In the JET-P, IPG countries must firmly reject financing for fossil fuel-related projects and false solutions that hinder the transition from coal and impede renewable energy development. Forming a joint partnership that aligns public-private finance with Paris 1.5° scenarios is vital by accelerating coal power plant closures and supporting clean-renewable energy sources.
Advancing partnership and governance
In 2023, Indonesia and Vietnam faced critical challenges in preparing an investment plan and implementing the JET-P. The short timeframe reveals the detrimental consequences of insufficient structural, policy, and regulatory readiness. For instance, while Indonesia's JET-P starts engaging with civil society, its lack of a clear legal basis undermines its continuity. Codifying the JET-P is essential to address listed targets regardless of political power changes or dynamics.
The IPG (International Partnership Group) plays a crucial role in providing technical and institutional support to create an effective partnership setup. Meeting JET-P's targets requires well-designed regulations, capacity, and funding. Ensuring transparency and accountability is also essential in JET-Ps, including meaningful participation, preventing corruption-related losses, and avoiding overcompensation.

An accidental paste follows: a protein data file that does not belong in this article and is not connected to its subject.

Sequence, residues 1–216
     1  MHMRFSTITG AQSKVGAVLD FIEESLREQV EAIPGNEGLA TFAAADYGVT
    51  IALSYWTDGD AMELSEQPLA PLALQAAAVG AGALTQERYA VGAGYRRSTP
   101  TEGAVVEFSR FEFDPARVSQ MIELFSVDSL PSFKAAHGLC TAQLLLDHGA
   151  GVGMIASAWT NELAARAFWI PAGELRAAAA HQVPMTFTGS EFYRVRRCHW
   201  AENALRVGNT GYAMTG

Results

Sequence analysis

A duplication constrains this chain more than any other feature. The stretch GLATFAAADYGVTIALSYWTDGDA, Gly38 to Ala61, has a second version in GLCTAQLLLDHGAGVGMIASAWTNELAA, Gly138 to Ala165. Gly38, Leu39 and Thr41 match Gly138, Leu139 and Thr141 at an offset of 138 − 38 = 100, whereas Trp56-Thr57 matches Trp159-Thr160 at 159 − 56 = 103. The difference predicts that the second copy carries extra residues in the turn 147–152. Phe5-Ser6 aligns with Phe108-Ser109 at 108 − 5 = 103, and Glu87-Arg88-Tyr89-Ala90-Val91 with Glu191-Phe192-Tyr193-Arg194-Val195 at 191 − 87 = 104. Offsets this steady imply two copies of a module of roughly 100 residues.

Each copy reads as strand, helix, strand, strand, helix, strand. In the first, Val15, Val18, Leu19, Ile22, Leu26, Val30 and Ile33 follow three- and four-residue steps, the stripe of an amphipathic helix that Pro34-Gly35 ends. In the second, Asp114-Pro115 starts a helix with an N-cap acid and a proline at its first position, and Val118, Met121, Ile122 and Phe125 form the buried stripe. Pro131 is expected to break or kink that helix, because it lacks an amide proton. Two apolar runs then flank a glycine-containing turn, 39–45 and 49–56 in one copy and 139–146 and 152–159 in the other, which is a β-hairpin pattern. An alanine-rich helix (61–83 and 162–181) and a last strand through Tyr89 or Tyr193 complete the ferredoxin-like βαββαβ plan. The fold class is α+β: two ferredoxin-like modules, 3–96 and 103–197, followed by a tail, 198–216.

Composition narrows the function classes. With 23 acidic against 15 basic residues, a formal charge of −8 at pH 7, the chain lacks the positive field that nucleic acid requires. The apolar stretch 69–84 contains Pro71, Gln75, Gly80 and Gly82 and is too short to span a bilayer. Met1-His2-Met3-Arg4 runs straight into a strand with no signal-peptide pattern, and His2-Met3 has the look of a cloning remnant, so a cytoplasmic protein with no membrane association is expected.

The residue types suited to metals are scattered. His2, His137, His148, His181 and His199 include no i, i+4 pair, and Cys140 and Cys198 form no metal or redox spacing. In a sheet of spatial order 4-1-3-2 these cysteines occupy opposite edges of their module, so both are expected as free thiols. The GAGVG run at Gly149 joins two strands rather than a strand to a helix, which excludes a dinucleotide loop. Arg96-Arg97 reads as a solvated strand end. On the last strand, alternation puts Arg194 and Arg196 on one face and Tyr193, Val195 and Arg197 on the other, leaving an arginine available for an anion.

Effective energy transition schemes involve navigating the comprehensive energy model and governance structure, fostering mutual and practical cooperation between donor and recipient countries. A robust partnership with the IPG will be instrumental in avoiding the risk of stranded assets, overcoming challenges in decarbonization, and a just energy transition.
The governments of Indonesia and Vietnam must seize the opportunity of JET-P and demonstrate steadfast commitment to decarbonization. This includes revising their energy development plans, prioritizing renewable energy integration, and actively obtaining input in their comprehensive investment plans to implement JET-P successfully.
Ensuring equitable benefits
In the realm of extensive ‘partnership’, the distribution of financial flows remains a primary issue, mainly concerning the actual beneficiaries. It sparks public unease that JET-P funds provided could potentially impoverish and exacerbate the economic challenges of developing countries.